Ocean acidification feedback causes increased warming

27 03 2014

Mark Cochrane

Mark Cochrane

Another guest post from Mark Cochrane…… who continues bringing bad news after a few months of more research.

I’ve posted before on the “other CO2 problem”, namely ocean acidification but up until recently, ocean acidification and greenhouse gas-related warming of the planet have been seen as problematic but separate processes happening due to our fossil fuel-related binge of carbon emissions.

For those who don’t know, ocean acidification arises when CO2 is forced into ocean waters, sort of like in your soda or beer. We increase atmospheric concentrations of CO2, this forces some of the gas into solution in the ocean surface layer. The carbon dioxide then reacts with water molecules to form carbonic acid.

Acidity is measured in units of pH. The ocean’s pH has fallen by a little more than 0.1 pH units since the beginning of the Industrial Revolution which doesn’t sound terribly impressive but the scale is logarithmic, meaning that changes are exponential in terms of their magnitude. You might have some idea of what that means if you think in terms of the Richter scale of earthquake intensity which is also logarithmic, with each additional 1.0 meaning 10 times the shaking magnitude and 31.6 times the energy release. Back to the ocean pH, that measly 0.11 change equates to a 30% increase in the global ocean’s acidity levels.

That is a very significant change in such a short time for organisms like oysters, clams, sea urchins, shallow water corals, deep sea corals, and calcareous plankton. If we continue on the path of “Business as Usual” carbon emissions then we will make the ocean’s surface waters 150% more acidic by the end of the century. Nothing like this has been seen for more than 20 million years. This is what those acidity levels will do to current organisms living in the oceans.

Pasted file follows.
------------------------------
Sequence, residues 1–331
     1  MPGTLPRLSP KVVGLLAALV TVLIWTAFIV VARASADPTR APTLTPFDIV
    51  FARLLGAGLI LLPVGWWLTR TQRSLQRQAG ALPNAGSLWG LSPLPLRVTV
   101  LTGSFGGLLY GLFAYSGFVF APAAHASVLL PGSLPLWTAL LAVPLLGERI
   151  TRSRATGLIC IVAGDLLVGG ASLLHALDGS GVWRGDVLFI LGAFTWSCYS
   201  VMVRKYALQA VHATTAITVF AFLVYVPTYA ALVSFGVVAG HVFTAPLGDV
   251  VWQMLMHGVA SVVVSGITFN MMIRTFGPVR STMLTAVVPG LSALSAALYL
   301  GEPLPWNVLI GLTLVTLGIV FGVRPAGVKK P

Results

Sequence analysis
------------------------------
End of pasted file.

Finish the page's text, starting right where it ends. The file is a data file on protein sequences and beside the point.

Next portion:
Where this impacts the global climate is by messing up the oceanic sulfur cycle. Phytoplankton release something called DMS (dimethyl sulfide). DMS goes into the atmosphere above the oceans and forms cloud condensation nuclei (CCNs). In layman’s terms, the DMS seeds low level clouds over the oceans. These clouds act to reflect a portion of the sunlight from the Earth and thereby cool the planet.

So what we have is the following chain of events. Continued CO2 emissions raise atmospheric CO2 levels which in turn raise aqueous CO2 levels in the oceans. This then lowers the ocean’s pH (increased acidity) which stresses or kills phytoplankton. Less phytoplankton results in less DMS. Less DMS yields less clouds over the oceans. Less clouds means more sunlight warms the oceans and hence the exacerbates global climate change. Multiple experiments in sea water exclosures (mesocosms) have verified this impact. Which leads us to this recent scientific finding:

Global warming amplified by reduced sulphur fluxes as a result of ocean acidification

Global DMS emissions decrease by about 18(±3)% in 2100 compared with pre-industrial times as a result of the combined effects of ocean acidification and climate change. The reduced DMS emissions induce a significant additional radiative forcing, of which 83% is attributed to the impact of ocean acidification, tantamount to an equilibrium temperature response between 0.23 and 0.48K. Our results indicate that ocean acidification has the potential to exacerbate anthropogenic warming through a mechanism that is not considered at present in projections of future climate change.  (Six et al. 2013)

For those who don’t know 0.23-0.48 K (Kelvin) is the same as 0.23-0.48 C (Celsius).

This is yet another positive feedback that will likely make the rate of climate changes more rapid than current values given in global climate models. Those who have an issue with models should understand that if the models are ‘wrong’, they are at least as likely to be understating the rate of climate change as overstating it. The impacts of the rapid acidification though will be the real problem for life in the oceans. Eventually life in the oceans would adapt to the higher acidity but it is happening so fast that evolution cannot keep pace. There will be serious consequences for all life because of this on any time scale significant to human societies.